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Buffet Rebuffed as Constellation Chooses EDF

When all looked lost for Baltimore-based Constellation Energy Group, billionaire investor Warren Buffett's MidAmerican Energy Holdings Co. came to the rescue with a merger proposal and capital infusion; however, last Wednesday the American business icon stepped aside to make way for the French.

Constellation accepted Electricite de France subsidiary EDF Development Inc.'s offer to acquire a 49.99% interest in Constellation Energy Nuclear Group LLC for $4.5 billion, ending MidAmerican's plans to acquire all of Constellation. Executives of debt-laden Constellation pledged last week to rebuild the company's balance sheet, and along with EDF, position themselves in the vanguard of America's "nuclear renaissance." Buffett can hardly be considered a loser, however, as breakup terms and compensation for his failed bid are valued at more than $590 million.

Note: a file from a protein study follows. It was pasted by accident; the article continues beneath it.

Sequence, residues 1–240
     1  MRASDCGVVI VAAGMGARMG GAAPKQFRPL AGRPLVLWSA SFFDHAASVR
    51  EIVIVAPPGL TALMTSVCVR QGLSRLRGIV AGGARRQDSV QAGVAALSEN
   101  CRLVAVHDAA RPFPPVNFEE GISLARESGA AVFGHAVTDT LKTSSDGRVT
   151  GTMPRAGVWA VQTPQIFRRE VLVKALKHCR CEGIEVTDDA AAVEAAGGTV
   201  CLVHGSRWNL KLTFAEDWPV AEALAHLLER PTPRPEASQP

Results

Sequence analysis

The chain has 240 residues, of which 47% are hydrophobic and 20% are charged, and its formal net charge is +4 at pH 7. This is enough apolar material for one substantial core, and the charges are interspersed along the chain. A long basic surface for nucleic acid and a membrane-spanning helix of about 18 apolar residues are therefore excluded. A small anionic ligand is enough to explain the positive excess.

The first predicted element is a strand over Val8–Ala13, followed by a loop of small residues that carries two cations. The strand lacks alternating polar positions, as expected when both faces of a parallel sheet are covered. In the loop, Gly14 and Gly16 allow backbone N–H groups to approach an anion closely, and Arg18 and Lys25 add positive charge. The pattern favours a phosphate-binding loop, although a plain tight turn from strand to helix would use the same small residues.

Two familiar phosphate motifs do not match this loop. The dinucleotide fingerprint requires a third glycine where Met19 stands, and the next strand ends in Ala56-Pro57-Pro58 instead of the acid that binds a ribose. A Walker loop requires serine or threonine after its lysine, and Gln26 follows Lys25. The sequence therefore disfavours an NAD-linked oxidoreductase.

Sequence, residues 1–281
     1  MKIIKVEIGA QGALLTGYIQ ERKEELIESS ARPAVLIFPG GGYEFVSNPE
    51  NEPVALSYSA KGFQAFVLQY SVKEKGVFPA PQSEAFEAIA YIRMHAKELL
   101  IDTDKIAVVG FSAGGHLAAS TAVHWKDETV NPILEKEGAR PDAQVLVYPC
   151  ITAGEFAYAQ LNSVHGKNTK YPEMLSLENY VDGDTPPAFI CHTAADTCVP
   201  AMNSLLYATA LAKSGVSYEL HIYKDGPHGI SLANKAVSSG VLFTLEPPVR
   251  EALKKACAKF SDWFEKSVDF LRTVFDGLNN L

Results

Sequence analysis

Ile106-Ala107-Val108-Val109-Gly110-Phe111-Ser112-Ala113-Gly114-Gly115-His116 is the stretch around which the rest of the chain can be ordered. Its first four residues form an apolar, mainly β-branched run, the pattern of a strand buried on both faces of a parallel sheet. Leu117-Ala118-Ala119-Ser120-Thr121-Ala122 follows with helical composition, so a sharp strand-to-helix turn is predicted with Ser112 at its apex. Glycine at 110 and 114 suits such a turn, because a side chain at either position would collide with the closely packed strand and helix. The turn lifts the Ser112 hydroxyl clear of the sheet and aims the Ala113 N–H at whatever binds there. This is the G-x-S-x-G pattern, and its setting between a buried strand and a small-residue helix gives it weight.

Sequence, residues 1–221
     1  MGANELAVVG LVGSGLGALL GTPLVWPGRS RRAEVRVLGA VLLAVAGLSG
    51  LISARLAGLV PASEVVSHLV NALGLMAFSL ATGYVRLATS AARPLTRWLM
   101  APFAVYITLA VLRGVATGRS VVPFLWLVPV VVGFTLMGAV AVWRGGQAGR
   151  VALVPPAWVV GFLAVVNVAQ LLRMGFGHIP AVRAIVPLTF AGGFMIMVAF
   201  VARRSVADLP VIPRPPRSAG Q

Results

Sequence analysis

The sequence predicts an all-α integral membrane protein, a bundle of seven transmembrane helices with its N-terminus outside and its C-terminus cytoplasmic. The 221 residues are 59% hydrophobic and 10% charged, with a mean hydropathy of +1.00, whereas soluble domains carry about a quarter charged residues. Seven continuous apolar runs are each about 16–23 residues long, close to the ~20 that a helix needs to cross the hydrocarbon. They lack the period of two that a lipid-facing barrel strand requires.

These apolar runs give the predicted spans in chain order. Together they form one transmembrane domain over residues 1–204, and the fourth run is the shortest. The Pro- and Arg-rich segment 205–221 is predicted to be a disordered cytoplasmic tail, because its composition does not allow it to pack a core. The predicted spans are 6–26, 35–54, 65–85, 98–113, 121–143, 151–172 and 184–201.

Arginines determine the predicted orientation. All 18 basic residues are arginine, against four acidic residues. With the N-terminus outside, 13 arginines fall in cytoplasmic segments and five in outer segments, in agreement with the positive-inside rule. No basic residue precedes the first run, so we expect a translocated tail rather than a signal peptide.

Constellation Energy Nuclear Group owns 3,869 MW of nuclear generating capacity, which consists of the Calvert Cliffs plant in Maryland, and Nine Mile Point Nuclear Station and the R.E. Ginna plant in New York. EDF Development's interest in the group will be structured as a new joint venture of the companies separate from their existing UniStar joint venture.

In France, where nuclear power is prevalent, EDF is controlled by the state. Besides its home country, EDF is active on the nuclear front in the United Kingdom, China and South Africa and has been building a presence in the United States, where it already has a joint venture with Constellation.

Under the terms of the deal, EDF Group will also make several investments to strengthen Constellation's liquidity position: